Is U.S. computer crime justice draconian? That's one obvious question following England's Court of Appeal ruling that suspected hacker Lauri Love would not be extradited to the United States, in part, because they said the U.S. justice system could not be trusted to treat Love humanely.
With advances in big data, artificial intelligence, machine learning and more, healthcare is primed to innovate. But do HIPAA, GDPR and other regulatory standards inhibit the ability to innovate? Scott Whyte of ClearDATA discusses healthcare's complex convergence of innovation and compliance.
For the second time in recent months, a federal regulator has signed a HIPAA settlement with an organization that's either gone out of business or filed for bankruptcy. What triggered the latest settlement?
Iliana Peters has left the Department of Health and Human Services' Office for Civil Rights just months after she was named to replace the agency's former top HIPAA enforcer, Deven McGraw. Is OCR experiencing a HIPAA brain drain?
Leading the latest edition of the ISMG Security Report: England's Court of Appeal rejects U.S. extradition request for suspected hacker Laurie Love. Also, what took Uber and Partners Health so long to come clean about their respective data breaches?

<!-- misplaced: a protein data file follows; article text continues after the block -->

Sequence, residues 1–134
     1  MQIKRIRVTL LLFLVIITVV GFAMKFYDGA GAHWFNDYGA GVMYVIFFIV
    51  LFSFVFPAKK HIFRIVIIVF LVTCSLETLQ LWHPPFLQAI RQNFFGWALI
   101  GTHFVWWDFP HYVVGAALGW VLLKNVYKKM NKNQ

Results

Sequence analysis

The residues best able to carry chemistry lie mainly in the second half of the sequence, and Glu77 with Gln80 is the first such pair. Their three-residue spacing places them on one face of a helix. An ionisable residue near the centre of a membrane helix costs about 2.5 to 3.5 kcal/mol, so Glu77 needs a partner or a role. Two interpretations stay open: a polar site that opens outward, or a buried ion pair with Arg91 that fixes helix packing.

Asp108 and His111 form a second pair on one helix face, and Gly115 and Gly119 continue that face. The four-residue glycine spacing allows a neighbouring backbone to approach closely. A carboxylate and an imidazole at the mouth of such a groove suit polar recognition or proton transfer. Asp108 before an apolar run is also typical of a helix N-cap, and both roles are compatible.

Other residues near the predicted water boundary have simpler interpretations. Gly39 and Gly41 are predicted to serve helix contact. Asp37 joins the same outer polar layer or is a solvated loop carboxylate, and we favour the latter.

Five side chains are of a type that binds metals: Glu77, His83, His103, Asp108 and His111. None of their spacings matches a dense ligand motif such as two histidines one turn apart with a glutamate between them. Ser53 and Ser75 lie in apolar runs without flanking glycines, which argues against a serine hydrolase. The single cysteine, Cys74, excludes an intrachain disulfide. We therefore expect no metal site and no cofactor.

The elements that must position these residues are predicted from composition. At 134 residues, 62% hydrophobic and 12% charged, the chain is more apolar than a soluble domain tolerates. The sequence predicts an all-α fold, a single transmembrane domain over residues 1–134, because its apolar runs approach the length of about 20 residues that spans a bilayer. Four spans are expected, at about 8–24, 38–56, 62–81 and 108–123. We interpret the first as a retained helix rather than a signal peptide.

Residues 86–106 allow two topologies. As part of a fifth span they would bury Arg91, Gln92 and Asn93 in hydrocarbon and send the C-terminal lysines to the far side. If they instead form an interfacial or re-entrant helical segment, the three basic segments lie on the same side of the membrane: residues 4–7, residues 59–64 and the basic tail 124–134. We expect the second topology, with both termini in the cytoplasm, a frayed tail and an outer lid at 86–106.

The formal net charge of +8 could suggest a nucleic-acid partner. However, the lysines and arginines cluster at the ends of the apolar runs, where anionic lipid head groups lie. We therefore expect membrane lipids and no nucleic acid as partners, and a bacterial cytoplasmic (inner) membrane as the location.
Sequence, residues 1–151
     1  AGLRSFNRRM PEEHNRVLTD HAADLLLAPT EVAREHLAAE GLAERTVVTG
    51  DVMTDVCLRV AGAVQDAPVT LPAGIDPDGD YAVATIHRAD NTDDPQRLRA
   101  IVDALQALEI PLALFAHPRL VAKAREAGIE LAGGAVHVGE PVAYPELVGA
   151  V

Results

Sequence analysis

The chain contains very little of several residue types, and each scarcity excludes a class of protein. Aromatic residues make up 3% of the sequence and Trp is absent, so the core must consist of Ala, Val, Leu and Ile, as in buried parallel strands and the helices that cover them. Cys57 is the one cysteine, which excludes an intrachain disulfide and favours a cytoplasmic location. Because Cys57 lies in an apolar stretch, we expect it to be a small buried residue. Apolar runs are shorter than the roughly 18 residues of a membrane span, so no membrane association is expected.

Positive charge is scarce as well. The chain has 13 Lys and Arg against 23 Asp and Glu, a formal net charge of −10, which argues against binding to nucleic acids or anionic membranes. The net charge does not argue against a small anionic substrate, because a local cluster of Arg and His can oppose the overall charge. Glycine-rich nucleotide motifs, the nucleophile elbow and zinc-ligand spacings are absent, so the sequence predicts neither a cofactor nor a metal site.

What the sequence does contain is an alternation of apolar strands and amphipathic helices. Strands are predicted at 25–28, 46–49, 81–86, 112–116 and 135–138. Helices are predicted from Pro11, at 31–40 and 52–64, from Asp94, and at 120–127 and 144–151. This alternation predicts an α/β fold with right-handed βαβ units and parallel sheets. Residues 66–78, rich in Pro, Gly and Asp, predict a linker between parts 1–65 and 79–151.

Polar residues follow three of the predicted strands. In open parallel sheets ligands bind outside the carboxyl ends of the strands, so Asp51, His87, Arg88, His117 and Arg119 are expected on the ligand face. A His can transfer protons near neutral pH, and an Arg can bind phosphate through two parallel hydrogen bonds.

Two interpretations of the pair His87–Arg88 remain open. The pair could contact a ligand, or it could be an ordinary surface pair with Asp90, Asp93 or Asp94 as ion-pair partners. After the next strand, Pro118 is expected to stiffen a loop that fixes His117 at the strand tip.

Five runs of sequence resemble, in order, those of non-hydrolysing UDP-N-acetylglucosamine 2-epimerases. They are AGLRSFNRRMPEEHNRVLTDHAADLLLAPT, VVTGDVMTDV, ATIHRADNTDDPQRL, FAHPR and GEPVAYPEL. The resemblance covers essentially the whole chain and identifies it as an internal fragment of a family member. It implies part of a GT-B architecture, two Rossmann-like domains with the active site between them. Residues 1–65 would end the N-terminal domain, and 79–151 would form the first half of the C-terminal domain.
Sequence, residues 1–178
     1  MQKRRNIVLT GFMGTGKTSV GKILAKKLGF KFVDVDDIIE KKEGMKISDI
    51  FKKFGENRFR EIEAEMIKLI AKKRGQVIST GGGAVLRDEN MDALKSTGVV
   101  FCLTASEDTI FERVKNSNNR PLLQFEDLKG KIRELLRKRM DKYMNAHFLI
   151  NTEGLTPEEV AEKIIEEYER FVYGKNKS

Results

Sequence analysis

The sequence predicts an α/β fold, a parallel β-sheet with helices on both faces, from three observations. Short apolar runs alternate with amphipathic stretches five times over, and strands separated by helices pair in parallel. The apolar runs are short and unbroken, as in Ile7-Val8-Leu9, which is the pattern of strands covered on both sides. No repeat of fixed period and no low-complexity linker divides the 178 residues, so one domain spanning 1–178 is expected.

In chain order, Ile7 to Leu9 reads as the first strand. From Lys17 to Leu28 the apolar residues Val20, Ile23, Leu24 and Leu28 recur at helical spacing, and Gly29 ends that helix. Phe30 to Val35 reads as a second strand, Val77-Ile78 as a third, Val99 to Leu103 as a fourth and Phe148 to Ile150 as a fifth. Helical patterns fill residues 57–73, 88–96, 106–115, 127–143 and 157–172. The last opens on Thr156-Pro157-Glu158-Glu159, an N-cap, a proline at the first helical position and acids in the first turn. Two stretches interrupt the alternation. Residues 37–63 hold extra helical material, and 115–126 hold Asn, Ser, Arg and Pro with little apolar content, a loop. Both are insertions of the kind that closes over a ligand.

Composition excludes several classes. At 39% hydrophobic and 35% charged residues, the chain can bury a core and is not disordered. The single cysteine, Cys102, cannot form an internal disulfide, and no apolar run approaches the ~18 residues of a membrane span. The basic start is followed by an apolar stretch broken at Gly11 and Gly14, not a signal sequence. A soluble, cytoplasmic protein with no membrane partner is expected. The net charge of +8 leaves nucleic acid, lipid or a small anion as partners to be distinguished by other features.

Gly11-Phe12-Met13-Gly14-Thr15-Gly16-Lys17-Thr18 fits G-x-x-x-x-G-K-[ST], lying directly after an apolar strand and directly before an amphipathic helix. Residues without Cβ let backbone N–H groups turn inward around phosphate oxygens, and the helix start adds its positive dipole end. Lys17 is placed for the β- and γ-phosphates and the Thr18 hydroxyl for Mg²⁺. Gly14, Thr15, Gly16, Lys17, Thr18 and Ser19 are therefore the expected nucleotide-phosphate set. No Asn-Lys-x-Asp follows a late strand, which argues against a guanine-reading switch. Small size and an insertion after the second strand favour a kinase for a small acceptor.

In one of the largest HIPAA settlements ever, federal regulators have signed a $3.5 million settlement with a Massachusetts-based healthcare organization that reported five small health data breaches in 2012 involving lost or stolen unencrypted computing devices.
The newly confirmed secretary of the Department of Health and Human Services, Alex Azar, has the potential to reset critical national healthcare priorities and policies, including those related to security and privacy. But what action will he take regarding HIPAA enforcement and other issues?
The Office of the National Coordinator for Health IT's new chief privacy officer, Kathryn Marchesini, has a wealth of experience. But will the Department of Health and Human Services give her the resources she needs to get the job done?
While a draft "trusted exchange framework" unveiled last week by federal regulators includes proposed components that could raise the bar for the security of health data exchange, some experts caution that elements included in the final document should not be overly prescriptive.
Under what circumstances must a U.S. healthcare provider comply with the European Union's General Data Protection Regulation, which will be enforced beginning in May? In an in-depth interview, regulatory attorney Stephen Wu explains the conditions under which compliance is required.
Federal regulators have released a draft of a trusted health information exchange framework with some detailed security components that go beyond HIPAA requirements. The goal is to advance secure national health data exchange so that clinicians have quicker access to potentially life-saving information.
Despite receiving requests to better align a federal rule regarding the confidentiality of substance abuse records with the requirements of HIPAA, federal regulators only made minor tweaks to the confidentiality rule. Some experts say Congress would have to take action to pave the way for further changes.